Buckhead is no longer the epicenter of Atlanta’s once buck-wild nightclub scene — and that’s the way most residents like it. Although we’re still waiting on the ritzy Streets of Buckhead development, the cranes they are a craning, and the growing agglomeration of Buckhead’s glittering high-rises has only further solidified this hood’s status as Atlanta’s other skyline. With two high-end malls and countless swanky boutiques and salons, it’s easy to forget that Buckhead is also home to many neighborhood-supported small businesses. Just dodge that shiny Range Rover and venture beyond Peachtree Road to find them. While still a bastion of luxury and old-school fine dining, a crop of hip, new restaurants and chefs have revitalized Buckhead’s culinary scene in recent years. These days, Buckhead is a culture clash of new and old, progress and tradition. If you don’t live there, it’s absolutely destination-worthy — if you can stand the soul-crushing, cross-town traffic to get there, that is.
The funky run-down shack is packed with crowds looking for 'cue. Blue collar, white collar and no collar at all — folks gather to dive into plates piled high with sweet, savory barbecue (beef, pork, ribs and chicken) and traditional sides.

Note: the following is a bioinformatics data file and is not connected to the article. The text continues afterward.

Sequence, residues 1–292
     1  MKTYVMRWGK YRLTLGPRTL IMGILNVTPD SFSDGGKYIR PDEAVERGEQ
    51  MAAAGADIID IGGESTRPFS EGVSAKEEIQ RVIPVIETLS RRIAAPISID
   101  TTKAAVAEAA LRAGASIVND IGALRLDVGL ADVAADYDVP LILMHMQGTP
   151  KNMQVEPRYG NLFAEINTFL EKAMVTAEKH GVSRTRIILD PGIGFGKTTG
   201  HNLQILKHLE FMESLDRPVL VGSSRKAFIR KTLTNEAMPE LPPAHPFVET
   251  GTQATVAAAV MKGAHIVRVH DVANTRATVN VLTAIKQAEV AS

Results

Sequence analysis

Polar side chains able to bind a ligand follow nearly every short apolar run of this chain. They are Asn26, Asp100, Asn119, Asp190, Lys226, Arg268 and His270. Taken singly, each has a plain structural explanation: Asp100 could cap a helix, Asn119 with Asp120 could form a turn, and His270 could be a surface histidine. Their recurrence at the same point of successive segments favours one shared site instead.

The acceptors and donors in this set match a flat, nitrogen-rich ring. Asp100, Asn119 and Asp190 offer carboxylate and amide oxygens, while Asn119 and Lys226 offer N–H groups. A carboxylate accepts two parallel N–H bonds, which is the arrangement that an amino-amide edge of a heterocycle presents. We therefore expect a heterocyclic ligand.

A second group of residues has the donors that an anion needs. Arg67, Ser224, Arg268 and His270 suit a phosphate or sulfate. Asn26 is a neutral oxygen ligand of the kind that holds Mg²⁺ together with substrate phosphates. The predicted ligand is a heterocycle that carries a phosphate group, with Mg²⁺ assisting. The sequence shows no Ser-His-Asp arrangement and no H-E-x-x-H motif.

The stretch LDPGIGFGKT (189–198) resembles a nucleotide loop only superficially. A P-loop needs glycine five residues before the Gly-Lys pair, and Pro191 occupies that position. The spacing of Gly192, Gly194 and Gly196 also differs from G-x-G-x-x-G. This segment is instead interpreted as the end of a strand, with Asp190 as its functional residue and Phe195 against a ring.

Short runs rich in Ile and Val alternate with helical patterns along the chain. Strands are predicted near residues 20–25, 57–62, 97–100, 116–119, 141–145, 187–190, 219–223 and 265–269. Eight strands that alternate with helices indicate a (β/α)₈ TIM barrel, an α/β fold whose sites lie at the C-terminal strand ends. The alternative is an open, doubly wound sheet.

The folks behind Rathbun's opened Krog Bar in a tiny building in the parking lot of the Stove Works complex. It's the closest thing to a genuine tapas bar's ambiance our city has ever seen: The interior is tiny and you'll likely be forced, just as you are in tapas bars in Sevilla, to sit at long tables with strangers. Cured meat and other nibbles comprise the menu, to be consumed alongside vino from an astutely composed list.
Founded in 1975 by members of the Pan-African Orthodox Christian Church from Detroit, the shrine's services combine elements of the Roman Catholic Church with African traditions. Today, the bookstore is the neighborhood's best bet for finding books devoted to African-American art and culture.
The once-doomed strip mall now houses more than 200 shops that offer everything from cowboy hats and ornate belt buckles to frilly dresses, cheap shoes, and chili-flavored lollipops. It's really got something for everyone.
The tiny, shacklike entrance reveals an eclectic and loyal late-night crowd. Music at this underground clubber’s club ranges from hip-hop and Brit-pop to downtempo and rare grooves. The dim basement space feels like the most happenin’ speakeasy in town.